Beer has been mixed for centuries. The Black and Tan is a mix of stout plus lager or pale ale; Shandy is a mix of beer and lemonade; the Boilermaker is beer and a shot of whiskey; the Michelada is beer with lime, salt, picante sauce and sometimes, tomato juice.

    Now, Nation’s Restaurant News reports a trend in beer cocktails, mixing beer with absinthe, coffee, port and other mixers.

    The photo shows a Muddy Puddle, the signature cocktail of JoeDoe in New York City.

    Bourbon, iced espresso and simple syrup are shaken and poured over ice into a pilsner glass rimmed with crushed peanuts. The drink is then topped off with Sierra Nevada stout.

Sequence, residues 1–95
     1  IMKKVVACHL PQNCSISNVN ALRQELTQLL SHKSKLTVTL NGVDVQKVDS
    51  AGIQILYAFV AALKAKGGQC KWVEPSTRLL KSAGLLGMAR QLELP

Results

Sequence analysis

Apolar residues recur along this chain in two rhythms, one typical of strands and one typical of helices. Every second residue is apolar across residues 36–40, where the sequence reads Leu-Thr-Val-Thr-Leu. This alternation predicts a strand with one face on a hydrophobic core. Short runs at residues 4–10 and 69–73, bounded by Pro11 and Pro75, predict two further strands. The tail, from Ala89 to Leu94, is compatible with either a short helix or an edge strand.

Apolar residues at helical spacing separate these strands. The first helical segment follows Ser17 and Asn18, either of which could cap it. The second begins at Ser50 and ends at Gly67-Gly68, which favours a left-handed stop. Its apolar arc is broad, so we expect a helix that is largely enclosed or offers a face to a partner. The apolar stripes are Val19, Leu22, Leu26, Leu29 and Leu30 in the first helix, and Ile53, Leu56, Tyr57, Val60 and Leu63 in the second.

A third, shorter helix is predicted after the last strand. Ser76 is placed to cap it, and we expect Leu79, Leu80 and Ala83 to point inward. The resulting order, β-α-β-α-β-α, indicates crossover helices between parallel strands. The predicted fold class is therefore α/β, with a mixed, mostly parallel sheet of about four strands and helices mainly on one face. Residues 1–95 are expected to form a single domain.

Other recipe ideas:


    A beer cocktail with stout, bourbon, iced
    espresso and simple syrup, garnished with
    peanuts. Photo courtesy Nation’s Restaurant News.


  • Raspberry-tea-infused blanco tequila, ginger, lime and Modelo Especial lager, from Mayahuel in New York City
  • Pineapple-infused mezcal, lime, sugar cane and Negra Modelo dark lager in a glass with a spiced salt rim, also at Mayahuel
  • A Michelada variation with spiced honey stout (stout with port, Madeira and allspice), tomato, lime and spices, from Starbelly in San Francisco
  • Gin, Earl Grey tea-infused dry vermouth and St. Germain elderflower, topped with porter, at Alchemy in San Diego
  • Bourbon, absinthe and triple ale with grated cinnamon and nutmeg, also at Alchemy
    Call up your inner mixologist to develop your own ideas.